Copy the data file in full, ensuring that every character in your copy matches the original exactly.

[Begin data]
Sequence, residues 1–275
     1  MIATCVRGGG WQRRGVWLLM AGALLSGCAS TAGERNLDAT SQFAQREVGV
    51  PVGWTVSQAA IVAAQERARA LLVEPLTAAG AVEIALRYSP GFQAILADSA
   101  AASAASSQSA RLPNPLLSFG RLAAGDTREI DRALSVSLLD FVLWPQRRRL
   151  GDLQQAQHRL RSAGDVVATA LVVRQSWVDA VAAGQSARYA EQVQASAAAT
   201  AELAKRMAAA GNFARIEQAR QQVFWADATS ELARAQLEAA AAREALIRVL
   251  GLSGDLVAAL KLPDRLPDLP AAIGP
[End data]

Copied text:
Sequence, residues 1–275
     1  MIATCVRGGG WQRRGVWLLM AGALLSGCAS TAGERNLDAT SQFAQREVGV
    51  PVGWTVSQAA IVAAQERARA LLVEPLTAAG AVEIALRYSP GFQAILADSA
   101  AASAASSQSA RLPNPLLSFG RLAAGDTREI DRALSVSLLD FVLWPQRRRL
   151  GDLQQAQHRL RSAGDVVATA LVVRQSWVDA VAAGQSARYA EQVQASAAAT
   201  AELAKRMAAA GNFARIEQAR QQVFWADATS ELARAQLEAA AAREALIRVL
   251  GLSGDLVAAL KLPDRLPDLP AAIGP